Stopping smoking is a win-win situation

A 20-a-day smoker spends around 2,300 a year on smoking. Picture: Phil Wilkinson
A 20-a-day smoker spends around 2,300 a year on smoking. Picture: Phil Wilkinson
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Health and finances, especially among the lower paid, are both hit by addiction

The message that stopping smoking is a great way to save money is getting more attention in public health circles, and for good reason. There are at least two ways to consider the cost of a cigarette. In health terms the answer is straightforward – 11 minutes. That’s the average amount of life estimated to be lost from smoking one cigarette. So for every 100 packs of 20 cigarettes a shop sells, 15 days of life expectancy goes up in smoke from the community that shop serves.

In financial terms the calculation is more complicated. Bought cigarettes typically cost around 42p each. Much of that price represents tax, but a fair chunk of it is tobacco industry profit. The 2013 profits of the top six tobacco companies worldwide were equivalent to the combined profits of The Coca-Cola Company, Walt Disney, General Mills, FedEx, AT&T, Google, McDonald’s and Starbucks in the same year.

Roll your own tobacco and illicit tobacco both typically come in at roughly half the price of manufactured cigarettes. Illicit tobacco may also help fund serious crime such as trafficking in people, weapons and drugs.

However all forms of lit, smoked tobacco are immensely damaging to health.

Crunching the numbers for the various sources of smoked tobacco gives an overall estimate of around £2,300 a year for a 20-a-day smoker. The economic costs of maintaining a smoking habit or addiction are huge, and they hit people particularly hard in those communities where income is lowest and smoking rates are high. ASH Scotland calculates that reducing the smoking rate in Scotland’s most deprived areas by just 1 per cent (from 34 per cent to 33 per cent) would release around £12.5 million extra finance into the household budgets of people in those communities every year. There are few interventions which can deliver that level of benefit.

Some will argue that reducing the tax on tobacco would be one way to reduce the monetary burdens of tobacco on our poorest communities. But price has a strong impact on smoking rates, and motivates smokers to quit. Reducing the cost of tobacco would lead to more smoking, and more harm to people’s health.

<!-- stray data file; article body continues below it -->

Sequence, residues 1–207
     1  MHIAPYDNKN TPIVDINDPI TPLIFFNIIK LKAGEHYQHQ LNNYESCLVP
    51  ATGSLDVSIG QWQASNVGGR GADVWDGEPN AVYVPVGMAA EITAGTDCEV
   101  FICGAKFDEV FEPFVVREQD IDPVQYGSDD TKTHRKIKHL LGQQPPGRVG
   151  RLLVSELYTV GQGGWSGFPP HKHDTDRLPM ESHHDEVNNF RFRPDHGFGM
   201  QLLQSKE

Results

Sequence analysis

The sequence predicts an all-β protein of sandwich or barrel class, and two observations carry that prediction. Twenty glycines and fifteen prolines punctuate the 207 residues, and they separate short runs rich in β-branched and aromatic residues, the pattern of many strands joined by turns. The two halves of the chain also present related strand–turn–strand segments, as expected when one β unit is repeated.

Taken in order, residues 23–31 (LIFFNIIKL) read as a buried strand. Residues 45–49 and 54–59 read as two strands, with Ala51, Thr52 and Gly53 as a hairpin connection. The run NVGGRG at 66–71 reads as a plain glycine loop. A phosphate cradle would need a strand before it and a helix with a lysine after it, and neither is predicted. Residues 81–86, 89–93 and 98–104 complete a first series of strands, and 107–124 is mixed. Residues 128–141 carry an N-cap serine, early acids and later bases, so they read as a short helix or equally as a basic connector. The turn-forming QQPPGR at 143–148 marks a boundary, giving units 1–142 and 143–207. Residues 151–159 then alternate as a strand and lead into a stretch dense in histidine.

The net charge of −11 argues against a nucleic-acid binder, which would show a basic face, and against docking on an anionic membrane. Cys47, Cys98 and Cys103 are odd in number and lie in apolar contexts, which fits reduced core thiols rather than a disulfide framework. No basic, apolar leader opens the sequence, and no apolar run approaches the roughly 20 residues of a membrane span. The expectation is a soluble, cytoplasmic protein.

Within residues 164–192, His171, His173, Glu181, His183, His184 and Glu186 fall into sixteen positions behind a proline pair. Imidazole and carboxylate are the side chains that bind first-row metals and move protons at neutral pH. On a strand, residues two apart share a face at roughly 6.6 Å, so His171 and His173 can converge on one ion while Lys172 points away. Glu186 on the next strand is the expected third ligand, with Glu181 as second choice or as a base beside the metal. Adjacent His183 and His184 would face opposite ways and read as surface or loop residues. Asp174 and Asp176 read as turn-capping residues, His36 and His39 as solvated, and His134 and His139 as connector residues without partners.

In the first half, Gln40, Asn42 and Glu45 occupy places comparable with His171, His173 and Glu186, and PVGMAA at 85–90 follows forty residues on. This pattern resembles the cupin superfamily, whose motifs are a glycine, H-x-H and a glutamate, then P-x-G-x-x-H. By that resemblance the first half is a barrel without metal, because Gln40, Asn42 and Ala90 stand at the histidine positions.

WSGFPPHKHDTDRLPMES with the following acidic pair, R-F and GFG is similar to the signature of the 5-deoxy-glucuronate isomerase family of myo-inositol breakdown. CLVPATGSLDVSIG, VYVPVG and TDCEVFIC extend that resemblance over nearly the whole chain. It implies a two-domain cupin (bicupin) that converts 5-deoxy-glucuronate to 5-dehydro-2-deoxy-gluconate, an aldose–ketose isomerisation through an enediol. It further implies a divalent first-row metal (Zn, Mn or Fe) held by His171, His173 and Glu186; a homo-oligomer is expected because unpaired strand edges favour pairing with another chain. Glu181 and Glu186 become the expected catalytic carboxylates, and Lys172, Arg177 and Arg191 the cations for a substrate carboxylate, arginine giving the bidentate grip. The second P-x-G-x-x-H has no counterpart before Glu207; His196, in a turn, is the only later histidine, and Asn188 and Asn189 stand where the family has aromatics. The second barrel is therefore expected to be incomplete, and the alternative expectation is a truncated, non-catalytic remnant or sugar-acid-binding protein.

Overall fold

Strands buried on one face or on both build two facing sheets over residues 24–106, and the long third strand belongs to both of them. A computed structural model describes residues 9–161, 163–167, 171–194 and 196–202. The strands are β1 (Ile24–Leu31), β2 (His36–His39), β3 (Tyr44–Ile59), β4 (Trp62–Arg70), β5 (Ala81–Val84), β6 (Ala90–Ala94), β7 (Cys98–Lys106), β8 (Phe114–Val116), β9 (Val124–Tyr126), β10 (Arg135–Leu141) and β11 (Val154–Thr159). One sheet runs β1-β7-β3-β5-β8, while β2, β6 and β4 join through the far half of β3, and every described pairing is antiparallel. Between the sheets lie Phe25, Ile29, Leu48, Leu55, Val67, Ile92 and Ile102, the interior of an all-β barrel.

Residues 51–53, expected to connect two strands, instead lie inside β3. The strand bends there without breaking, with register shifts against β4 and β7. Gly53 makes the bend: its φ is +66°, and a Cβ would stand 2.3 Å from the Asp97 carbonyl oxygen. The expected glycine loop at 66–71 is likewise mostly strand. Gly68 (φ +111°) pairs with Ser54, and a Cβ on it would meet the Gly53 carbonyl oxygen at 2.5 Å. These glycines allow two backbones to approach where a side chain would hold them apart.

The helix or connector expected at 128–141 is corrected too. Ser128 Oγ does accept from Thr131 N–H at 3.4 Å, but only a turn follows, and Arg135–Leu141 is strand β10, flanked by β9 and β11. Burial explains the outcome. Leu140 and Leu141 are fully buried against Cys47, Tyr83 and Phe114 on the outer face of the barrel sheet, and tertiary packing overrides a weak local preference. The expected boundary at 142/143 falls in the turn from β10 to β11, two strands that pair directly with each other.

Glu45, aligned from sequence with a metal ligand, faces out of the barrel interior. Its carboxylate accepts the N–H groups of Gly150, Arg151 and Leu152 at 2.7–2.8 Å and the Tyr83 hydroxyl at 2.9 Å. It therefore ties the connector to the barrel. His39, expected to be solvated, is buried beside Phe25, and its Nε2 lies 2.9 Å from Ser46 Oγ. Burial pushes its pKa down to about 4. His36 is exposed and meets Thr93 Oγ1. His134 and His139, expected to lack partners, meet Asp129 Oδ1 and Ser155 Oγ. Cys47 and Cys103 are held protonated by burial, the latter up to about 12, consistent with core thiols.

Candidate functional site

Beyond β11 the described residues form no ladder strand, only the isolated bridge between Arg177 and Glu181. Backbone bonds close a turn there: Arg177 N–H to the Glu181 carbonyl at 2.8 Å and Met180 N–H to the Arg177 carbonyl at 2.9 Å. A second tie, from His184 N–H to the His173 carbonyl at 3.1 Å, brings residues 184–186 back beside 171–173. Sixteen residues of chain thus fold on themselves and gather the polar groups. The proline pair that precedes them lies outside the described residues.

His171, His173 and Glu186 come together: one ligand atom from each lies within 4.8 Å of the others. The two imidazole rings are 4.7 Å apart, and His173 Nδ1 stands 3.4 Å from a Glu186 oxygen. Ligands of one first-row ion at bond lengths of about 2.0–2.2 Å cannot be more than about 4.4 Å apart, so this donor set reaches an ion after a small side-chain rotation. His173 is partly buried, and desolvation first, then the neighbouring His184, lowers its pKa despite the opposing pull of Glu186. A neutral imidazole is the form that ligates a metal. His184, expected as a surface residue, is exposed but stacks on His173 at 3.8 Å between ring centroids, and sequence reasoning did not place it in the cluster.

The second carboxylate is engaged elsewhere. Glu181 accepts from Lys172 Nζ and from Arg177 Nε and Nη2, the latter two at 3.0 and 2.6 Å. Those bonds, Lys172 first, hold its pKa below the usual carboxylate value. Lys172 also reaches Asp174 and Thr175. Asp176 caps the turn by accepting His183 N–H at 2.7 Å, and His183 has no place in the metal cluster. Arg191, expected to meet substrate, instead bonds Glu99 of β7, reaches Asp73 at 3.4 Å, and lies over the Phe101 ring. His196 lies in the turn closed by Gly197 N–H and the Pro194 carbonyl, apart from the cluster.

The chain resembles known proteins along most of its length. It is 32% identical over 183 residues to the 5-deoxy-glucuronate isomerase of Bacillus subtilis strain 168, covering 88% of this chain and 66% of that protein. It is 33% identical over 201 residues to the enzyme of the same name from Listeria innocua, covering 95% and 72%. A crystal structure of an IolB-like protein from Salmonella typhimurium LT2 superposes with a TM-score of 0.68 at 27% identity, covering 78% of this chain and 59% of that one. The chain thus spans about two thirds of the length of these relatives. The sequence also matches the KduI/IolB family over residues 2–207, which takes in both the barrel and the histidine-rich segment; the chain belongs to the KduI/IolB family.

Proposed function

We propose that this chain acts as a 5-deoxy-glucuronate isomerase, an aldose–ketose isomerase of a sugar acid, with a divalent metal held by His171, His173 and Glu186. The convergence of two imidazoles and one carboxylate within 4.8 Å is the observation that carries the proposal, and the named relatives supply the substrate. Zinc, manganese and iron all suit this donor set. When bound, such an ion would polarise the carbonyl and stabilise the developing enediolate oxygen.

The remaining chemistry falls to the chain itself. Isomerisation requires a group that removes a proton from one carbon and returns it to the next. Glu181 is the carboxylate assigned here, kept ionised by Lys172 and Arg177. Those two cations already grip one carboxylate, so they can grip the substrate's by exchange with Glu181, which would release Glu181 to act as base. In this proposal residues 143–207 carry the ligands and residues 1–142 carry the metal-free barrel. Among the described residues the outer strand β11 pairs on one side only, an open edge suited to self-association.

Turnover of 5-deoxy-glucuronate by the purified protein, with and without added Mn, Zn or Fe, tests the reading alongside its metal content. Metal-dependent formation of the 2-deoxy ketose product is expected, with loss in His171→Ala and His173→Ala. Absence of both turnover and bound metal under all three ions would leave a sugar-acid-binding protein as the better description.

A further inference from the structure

You hear less often that around half of the recent increases in the price of tobacco have stemmed not from Treasury tax policies but from the tobacco industry’s own price hikes, introduced under cover of national tax increases and boosting tobacco company profits. Tobacco companies are making obscene amounts of money out of people in Scotland.

The industry is fond of presenting itself as a legal industry and as purveyors of pleasurable consumer experiences. But smoking is an addiction of childhood. Most adult smokers say they started as children, and the majority wish they hadn’t. Every day in Scotland around 36 children under 15 start their journey as smokers, and for many the initial experimentation goes on to become a lifetime drain on their finances and health. At the same time, for another 36 people a day that journey comes to a premature end due to an illness caused by tobacco. Smoking has blighted the lives of so many. For each one of the 13,000 adults in Scotland whose lives are cut short each year by tobacco, there are some 20 people living with chronic and disabling conditions caused by smoking – cancers, heart disease, lung diseases, stroke, dementia. Almost half of the adults who are long-term sick or disabled in Scotland are current smokers, and on average their needs for care and support come nine years earlier than for ex-smokers and never-smokers.

A few years ago a Lancet editorial characterised tobacco as “surely the most cruel and corrupt business model human beings could have invented”.

Any consideration of the health and wellbeing of Scotland’s communities demands that we continue the regulatory pressure on tobacco, the most harmful consumer product on general sale.

At the same time there are opportunities. Reducing smoking rates could be a highly effective part of Scotland’s drive to reduce the harms from poverty, and the sooner we put reducing smoking at the heart of our anti-poverty agenda the better.

Lancet editorial, http://www.thelancet.com/journals/lancet/article/PIIS0140-6736(11)60181-5/fulltext